People’s History Museum fights for national status

Manchester venue has been "left in the cold", chairman tells House of Lords
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Rebecca Atkinson
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The People’s History Museum in Manchester has been given a one-off £100,000 grant from the Department for Culture, Media and Sport (DCMS) amid a growing row about the loss of its government funding.

In 2010, the department for culture announced it would relinquish responsibility for funding seven non-national museums – including the People’s History Museum – from April 2015. At the time, the DCMS said it would help the organisations find alternative sponsors and would not leave any of them “high and dry”.
 
But in an address given at the House of Lords this week, John Monks, the chairman of the trustees of the People’s History Museum, said the museum felt “left in the cold” and was set to lose funding of £155,000 a year – 15% of its turnover.
 
A spokesman for the department for culture said that a one-off grant of £100,000 would be given to the People’s History Museum, through Arts Council England (ACE), in 2015-2016.

“This money is there to support the museum while it finds a long-term solution for its future funding arrangements,” he said.
 
Monks welcomed the investment but said the issue of what happens after 2016 was unresolved: “The campaign to secure the proper recognition of the People’s History Museum as a national, not regional, museum goes on. We have breathing space, not the answer."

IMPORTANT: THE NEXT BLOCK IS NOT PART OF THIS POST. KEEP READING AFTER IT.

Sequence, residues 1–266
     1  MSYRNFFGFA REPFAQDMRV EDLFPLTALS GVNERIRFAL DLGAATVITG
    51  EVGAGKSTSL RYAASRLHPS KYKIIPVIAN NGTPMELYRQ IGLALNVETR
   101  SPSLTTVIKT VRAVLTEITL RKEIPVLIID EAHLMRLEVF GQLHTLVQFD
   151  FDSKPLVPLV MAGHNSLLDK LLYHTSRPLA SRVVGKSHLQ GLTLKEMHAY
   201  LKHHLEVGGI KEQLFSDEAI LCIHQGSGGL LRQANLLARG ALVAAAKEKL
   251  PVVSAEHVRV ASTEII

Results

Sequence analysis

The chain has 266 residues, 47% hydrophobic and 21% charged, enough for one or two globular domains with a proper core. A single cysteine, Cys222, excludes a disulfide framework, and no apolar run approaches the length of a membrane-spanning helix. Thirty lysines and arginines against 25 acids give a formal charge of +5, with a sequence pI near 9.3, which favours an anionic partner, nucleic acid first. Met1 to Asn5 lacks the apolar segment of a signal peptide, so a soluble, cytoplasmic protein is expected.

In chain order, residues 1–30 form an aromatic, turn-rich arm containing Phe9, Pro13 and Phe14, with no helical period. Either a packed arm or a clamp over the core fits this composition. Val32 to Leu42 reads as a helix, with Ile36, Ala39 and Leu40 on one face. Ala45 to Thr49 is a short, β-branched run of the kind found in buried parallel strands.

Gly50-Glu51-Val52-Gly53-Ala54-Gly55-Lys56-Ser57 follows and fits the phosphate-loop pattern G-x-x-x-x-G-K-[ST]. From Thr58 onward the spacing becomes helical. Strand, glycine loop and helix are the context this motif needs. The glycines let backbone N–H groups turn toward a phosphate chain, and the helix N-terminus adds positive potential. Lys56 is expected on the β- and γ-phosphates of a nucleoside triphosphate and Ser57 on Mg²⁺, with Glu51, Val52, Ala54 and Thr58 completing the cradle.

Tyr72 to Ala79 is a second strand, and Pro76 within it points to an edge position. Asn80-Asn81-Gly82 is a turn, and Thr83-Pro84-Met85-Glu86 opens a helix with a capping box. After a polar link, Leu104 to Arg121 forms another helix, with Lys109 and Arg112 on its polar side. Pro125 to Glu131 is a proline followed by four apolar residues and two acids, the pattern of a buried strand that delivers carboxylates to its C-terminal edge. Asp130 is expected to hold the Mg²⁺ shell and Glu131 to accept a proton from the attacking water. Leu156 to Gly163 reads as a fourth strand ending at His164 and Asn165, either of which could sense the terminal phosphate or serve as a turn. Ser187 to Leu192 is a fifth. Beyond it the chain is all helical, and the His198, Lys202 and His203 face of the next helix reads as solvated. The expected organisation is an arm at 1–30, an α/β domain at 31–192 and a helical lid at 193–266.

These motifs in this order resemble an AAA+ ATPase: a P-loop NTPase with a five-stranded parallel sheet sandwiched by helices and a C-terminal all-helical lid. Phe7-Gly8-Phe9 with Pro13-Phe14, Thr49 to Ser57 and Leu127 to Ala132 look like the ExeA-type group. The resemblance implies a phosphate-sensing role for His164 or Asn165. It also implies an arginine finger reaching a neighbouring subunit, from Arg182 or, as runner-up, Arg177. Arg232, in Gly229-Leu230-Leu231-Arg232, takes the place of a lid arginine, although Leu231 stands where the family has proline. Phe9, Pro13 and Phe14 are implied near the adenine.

The People’s History Museum has been in talks with the British Museum, the British Library and the National Archives, but has been unable to find a partner prepared to make a financial commitment to it.
 
Of the other non-national museums losing direct support from the DCMS, Tyne & Wear Archives & Museums transferred to Arts Council England and the Museum of Science and Industry in Manchester joined the Science Museum Group.  
 
The DCMS will continue to directly fund two other affected museums – the Geffrye Museum and the Horniman Museum and Gardens, both in London – who have not found alternative sponsors.

Katy Ashton, the director of the People’s History Museum, said: “The decision to strip our museum of its national status, while other museums based in London have managed to avoid being downgraded, could imply a regional bias.

"Does our Manchester home, a key historical battleground for the democratic movement in this country, mean our museum is not of national importance?  If so, this raises questions about the geographic imbalance of the nation’s cultural assets.”
 
The National Coal Mining Museum for England in Wakefield will also continue to receive funding from the DCMS, although this money comes through the Science Museum Group rather than directly from the government.
 
The Design Museum in London will also lose its DCMS funding at the end of March. The museum, which will relocate to the former Commonwealth Institute building in 2016, was awarded ACE National Portfolio Status for the first time last year, which will give it £170,000 a year from April 2015 to 2018. The museum generates more than 95% of its running costs from admissions, membership, trading, donations and sponsors.



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